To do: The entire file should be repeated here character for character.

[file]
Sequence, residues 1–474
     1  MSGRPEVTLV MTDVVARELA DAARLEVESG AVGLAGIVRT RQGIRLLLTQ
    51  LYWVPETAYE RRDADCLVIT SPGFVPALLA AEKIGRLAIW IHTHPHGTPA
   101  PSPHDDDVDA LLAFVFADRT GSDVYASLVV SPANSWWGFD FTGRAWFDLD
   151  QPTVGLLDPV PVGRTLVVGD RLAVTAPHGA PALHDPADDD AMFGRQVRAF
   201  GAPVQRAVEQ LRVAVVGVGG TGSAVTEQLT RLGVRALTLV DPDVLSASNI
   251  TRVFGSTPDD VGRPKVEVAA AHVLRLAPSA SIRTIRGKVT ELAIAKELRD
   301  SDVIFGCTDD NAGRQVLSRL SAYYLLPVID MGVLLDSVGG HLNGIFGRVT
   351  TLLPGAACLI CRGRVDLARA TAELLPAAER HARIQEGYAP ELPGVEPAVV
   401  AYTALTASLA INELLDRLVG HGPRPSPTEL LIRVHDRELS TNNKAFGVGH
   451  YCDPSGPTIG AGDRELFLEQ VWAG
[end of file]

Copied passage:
Sequence, residues 1–474
     1  MSGRPEVTLV MTDVVARELA DAARLEVESG AVGLAGIVRT RQGIRLLLTQ
    51  LYWVPETAYE RRDADCLVIT SPGFVPALLA AEKIGRLAIW IHTHPHGTPA
   101  PSPHDDDVDA LLAFVFADRT GSDVYASLVV SPANSWWGFD FTGRAWFDLD
   151  QPTVGLLDPV PVGRTLVVGD RLAVTAPHGA PALHDPADDD AMFGRQVRAF
   201  GAPVQRAVEQ LRVAVVGVGG TGSAVTEQLT RLGVRALTLV DPDVLSASNI
   251  TRVFGSTPDD VGRPKVEVAA AHVLRLAPSA SIRTIRGKVT ELAIAKELRD
   301  SDVIFGCTDD NAGRQVLSRL SAYYLLPVID MGVLLDSVGG HLNGIFGRVT
   351  TLLPGAACLI CRGRVDLARA TAELLPAAER HARIQEGYAP ELPGVEPAVV
   401  AYTALTASLA INELLDRLVG HGPRPSPTEL LIRVHDRELS TNNKAFGVGH
   451  YCDPSGPTIG AGDRELFLEQ VWAG